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King Lear (tour – Bury St Edmunds)

Last year's production of "King Lear" by Shakespeare's Globe is once more on its travels. A short UK tour then takes Bill Buckhurst's compressed staging to the USA after a brief season on the South Bank.

Rating: 4 out of 5 stars
Joseph Marcell

There's a faint suggestion of the period setting of Harwood's The Dresser in the1940s flavour of Jonathan Fensom's costumes and the audience-visible use of thunder-sheets in the storm scene. The plank and scaffold setting (with house lights scarcely dimmed for indoor theatre performances) adds to the deliberate semi-improvised flavour.

As a king should, Lear (Joseph Marcell) meets and greets his guests – we, the members of the audience – as they take their allotted places. There is much doubling of parts with the change of character signified simply by a piece of headwear or a cloak.

Bethan Cullinane doubles Cordelia and the Fool, both uncompromising truth-tellers who will ultimately pay the full price for their frankness. Sister Goneril (Gwendolen Chatfield) and Regan (Shanaya Rafaat) are a neatly differentiated pair of harpies.

Daniel Pirrie's amoral Edmund at first runs as many rings around Alex Mugnaioni's bookish and initially naïve Edgar as he does around his father Gloucester (John Stahl) – you can see why, in his initial exchange with Bill Nash's Kent, Gloucester might express a secret preference for his bastard son over his legitimate heir.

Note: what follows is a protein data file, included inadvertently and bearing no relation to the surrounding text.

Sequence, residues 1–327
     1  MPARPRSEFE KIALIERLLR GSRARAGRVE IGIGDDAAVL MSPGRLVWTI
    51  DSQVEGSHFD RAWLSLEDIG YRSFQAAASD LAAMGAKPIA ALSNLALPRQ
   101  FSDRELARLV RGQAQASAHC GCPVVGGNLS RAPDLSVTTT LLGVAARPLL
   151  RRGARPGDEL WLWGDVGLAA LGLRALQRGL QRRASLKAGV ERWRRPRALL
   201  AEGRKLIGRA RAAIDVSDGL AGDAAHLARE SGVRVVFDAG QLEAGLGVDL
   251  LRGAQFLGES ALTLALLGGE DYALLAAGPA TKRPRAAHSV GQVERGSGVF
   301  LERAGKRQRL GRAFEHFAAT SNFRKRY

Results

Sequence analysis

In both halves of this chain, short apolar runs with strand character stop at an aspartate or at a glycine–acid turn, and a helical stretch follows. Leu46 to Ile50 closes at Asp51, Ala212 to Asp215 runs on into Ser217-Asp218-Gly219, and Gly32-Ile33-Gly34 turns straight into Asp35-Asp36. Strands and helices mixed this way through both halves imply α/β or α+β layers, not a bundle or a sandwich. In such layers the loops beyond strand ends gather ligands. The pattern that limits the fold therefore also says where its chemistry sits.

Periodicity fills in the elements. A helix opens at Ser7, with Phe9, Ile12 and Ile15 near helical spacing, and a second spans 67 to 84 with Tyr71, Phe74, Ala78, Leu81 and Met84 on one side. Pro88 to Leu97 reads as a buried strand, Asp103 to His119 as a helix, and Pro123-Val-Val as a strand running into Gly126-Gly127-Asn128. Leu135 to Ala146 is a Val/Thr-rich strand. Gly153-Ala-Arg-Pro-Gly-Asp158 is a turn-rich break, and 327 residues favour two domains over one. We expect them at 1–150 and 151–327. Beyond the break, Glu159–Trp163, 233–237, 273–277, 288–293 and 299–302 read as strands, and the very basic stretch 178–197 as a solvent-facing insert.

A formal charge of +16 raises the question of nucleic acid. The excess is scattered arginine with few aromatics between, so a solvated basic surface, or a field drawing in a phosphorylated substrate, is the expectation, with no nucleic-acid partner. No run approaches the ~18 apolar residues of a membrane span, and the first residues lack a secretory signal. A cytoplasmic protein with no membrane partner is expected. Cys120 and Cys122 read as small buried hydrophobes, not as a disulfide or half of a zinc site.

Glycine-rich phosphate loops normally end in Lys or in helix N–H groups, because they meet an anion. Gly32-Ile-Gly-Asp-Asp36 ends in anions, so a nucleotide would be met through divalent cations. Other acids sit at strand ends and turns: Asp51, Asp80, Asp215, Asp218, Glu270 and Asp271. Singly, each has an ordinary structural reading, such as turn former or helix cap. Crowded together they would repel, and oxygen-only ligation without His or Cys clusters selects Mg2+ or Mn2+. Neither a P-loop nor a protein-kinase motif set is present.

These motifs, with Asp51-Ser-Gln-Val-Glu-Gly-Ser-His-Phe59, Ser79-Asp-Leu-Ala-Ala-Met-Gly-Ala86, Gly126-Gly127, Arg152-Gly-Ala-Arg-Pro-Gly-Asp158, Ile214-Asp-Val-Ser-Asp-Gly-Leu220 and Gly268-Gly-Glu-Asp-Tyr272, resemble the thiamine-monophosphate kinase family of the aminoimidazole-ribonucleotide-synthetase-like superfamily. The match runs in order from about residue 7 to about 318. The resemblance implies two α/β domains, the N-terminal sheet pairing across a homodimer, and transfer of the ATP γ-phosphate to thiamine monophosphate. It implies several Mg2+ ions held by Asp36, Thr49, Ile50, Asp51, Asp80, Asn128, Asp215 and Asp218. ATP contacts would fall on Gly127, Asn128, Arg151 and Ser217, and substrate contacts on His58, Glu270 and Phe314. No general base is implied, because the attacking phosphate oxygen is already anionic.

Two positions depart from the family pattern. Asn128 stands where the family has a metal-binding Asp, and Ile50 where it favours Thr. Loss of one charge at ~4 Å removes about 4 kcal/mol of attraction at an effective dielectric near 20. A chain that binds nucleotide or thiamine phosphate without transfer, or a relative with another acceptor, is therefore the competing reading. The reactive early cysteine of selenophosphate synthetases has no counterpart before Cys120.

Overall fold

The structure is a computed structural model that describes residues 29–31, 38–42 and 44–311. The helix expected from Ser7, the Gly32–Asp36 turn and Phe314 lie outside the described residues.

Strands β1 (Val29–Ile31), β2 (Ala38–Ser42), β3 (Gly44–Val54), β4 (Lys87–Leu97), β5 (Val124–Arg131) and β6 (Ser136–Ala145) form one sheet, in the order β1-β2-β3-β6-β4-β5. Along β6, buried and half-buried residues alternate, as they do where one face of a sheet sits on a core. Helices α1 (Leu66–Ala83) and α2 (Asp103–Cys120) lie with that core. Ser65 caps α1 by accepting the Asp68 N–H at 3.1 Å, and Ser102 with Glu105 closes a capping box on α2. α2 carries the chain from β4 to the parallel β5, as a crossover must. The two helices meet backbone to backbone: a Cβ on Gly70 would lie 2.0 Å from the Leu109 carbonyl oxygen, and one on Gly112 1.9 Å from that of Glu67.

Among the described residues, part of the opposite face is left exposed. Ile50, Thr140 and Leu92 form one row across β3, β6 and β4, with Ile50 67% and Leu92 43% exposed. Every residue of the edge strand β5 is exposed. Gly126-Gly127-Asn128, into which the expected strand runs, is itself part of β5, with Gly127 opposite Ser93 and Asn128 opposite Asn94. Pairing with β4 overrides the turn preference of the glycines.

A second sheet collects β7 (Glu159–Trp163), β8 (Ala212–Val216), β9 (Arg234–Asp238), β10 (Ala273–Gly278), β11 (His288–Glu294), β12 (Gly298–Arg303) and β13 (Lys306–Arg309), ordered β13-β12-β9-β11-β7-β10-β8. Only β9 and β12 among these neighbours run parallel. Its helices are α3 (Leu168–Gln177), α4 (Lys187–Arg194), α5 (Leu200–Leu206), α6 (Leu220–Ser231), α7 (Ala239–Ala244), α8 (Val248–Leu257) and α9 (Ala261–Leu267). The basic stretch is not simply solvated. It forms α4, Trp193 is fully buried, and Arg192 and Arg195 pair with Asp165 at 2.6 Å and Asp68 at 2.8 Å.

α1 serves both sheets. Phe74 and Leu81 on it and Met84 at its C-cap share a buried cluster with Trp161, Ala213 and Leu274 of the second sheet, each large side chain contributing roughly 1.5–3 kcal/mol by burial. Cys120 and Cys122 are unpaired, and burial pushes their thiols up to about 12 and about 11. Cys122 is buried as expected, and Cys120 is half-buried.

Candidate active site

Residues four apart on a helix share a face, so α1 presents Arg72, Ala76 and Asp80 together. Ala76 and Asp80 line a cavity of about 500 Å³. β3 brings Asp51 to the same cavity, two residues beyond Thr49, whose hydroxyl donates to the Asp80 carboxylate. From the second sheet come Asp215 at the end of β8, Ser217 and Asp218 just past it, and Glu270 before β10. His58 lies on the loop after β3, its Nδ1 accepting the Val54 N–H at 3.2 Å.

Nash's no-nonsense Kent makes you see why his bluntness irritates and leads him into troubles, some of which he might well have avoided. As is the case with Cordelia, unsugared pills of veracity can be a bitter medicine. Lear also never really appreciates other people's viewpoint – why indeed, as an absolute monarch should he ever need to do so?

Marcell has the right sort of condescending dignity in the early scenes to make his later collapse a true, distorted mirror image. Stripped to white long-johns and with his diadem replaced by a wreath of hedgerow gleanings to resemble a crown of thorns, he rises after the storm scenes to real tragedy as he carries in the slaughtered Cordelia and, finally, finds personal peace.

Not all the thunder in the first couple of acts comes from stage effects; there were too many moments when shouting proved less effective than a lower volume might have done.

King Lear is at the Theatre Royal, Bury St Edmunds until 12 July.